Cuilcagh – Cuilcagh Anierin Mountain

The Cuilcagh Mountain and Cuilcagh-Anierin Uplands Special Areas of Conservation (SACs), hereafter referred to as “Cuilcagh”, are part of an extensive cross-border upland area which runs from south-west Fermanagh, through Cavan and down to Slieve Anierin in Leitrim.

The site is a diverse mosaic of habitats, and the blanket bog found here represents one of the most significant expanses of blanket bog on the island of Ireland, much of which is relatively undisturbed. Other key habitats include good representations of wet and dry heath, montane heath, and limestone grasslands, with a number of dystrophic and oligotrophic lakes scattered throughout these habitats. This mosaic of habitats supports a wide range of plant and animal species, including cross-leaved heath, deergrass and hare’s tail cottongrass. Cuilcagh is an important site for breeding birds and waders, such as Golden plover, Merlin and Snipe. Areas of dense Heather provide good habitat for Red grouse. Other typical upland bird species can be found at Cuilcagh, including Peregrine and Ring ouzel.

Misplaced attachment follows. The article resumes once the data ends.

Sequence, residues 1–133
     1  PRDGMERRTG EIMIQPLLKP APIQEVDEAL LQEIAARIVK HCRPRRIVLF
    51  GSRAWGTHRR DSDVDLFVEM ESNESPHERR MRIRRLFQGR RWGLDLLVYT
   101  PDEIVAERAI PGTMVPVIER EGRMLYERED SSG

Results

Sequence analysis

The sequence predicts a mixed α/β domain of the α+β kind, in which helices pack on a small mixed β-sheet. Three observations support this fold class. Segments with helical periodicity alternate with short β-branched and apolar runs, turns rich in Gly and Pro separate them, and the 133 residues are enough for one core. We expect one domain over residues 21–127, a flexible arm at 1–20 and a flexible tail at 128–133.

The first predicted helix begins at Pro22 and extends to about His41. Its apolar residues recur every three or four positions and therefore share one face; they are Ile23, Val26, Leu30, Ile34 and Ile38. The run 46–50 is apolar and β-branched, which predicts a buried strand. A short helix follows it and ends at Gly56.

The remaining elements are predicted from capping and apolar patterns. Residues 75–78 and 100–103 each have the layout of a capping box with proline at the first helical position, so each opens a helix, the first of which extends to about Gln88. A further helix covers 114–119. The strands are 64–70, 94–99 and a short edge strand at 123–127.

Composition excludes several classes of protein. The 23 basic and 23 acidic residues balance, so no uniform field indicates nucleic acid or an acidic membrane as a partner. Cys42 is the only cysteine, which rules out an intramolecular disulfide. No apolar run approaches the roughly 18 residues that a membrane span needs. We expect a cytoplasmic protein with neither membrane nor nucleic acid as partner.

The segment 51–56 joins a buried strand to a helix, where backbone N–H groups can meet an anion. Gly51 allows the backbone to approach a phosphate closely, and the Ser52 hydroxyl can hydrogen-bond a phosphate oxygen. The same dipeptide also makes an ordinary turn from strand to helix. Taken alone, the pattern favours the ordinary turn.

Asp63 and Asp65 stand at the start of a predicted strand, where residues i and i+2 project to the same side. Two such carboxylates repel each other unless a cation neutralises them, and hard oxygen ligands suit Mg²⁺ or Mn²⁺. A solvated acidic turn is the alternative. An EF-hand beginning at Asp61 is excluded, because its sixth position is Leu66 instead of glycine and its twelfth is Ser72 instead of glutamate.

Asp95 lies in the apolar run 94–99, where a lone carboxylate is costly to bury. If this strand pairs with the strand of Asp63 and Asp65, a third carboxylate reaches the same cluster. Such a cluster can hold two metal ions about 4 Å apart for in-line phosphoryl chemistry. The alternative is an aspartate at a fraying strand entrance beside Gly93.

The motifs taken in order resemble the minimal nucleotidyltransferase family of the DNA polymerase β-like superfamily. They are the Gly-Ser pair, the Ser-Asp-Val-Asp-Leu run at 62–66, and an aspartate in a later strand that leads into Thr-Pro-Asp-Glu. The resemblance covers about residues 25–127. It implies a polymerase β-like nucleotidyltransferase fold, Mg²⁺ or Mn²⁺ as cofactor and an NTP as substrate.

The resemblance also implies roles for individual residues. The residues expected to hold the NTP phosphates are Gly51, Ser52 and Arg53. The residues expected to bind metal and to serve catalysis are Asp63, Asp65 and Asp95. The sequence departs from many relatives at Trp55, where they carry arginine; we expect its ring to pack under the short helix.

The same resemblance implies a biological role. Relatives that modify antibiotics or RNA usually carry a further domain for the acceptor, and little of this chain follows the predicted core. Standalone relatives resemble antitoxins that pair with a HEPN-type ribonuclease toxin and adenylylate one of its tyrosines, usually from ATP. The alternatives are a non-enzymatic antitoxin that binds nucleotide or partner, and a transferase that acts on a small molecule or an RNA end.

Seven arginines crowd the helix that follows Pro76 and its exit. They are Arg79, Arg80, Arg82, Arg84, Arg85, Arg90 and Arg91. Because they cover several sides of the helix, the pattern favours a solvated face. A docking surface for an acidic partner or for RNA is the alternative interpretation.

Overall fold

The area is of significant geological interest with sandstone, limestone, shale and mudstone sequencing, and has a number of designations in addition to its SAC status, emphasizing how important the area is for its natural environment and geological features.

Cuilcagh – Cuilcagh Anierin Mountain

CANN Works

Over the lifespan of the project, the CANN team will be working on producing a Conservation Action Plan for both the Cuilcagh Mountain SAC and Cuilcagh-Anierin Uplands SAC, and generating an up-to-date habitat map for the site. These documents will both be used to inform conservation decisions and management strategies, with an overall aim to guide the site towards a favourable conservation status. On the ground conservation actions will be carried out to help improve the environment and the conservation status of Cuilcagh, including drain blocking, bog revegetation, Heather restoration, wildfire management planning, tourism management planning, and livestock grazing trials.


Cross-leaved heath is an evergreen shrub which is part of the Heather family. It grows in acid bog or wet heath conditions, and is very distinctive due to its narrow leaves in whorls of 4 around it’s stem, and it’s bell shaped pink-magenta flowers which can be seen between June and September. The Cross-leaved heath is a very good species for nectar loving insects including moths and bees. It is represented in the CANN project logo, alongside a Red Grouse, and a Large-heath butterfly.
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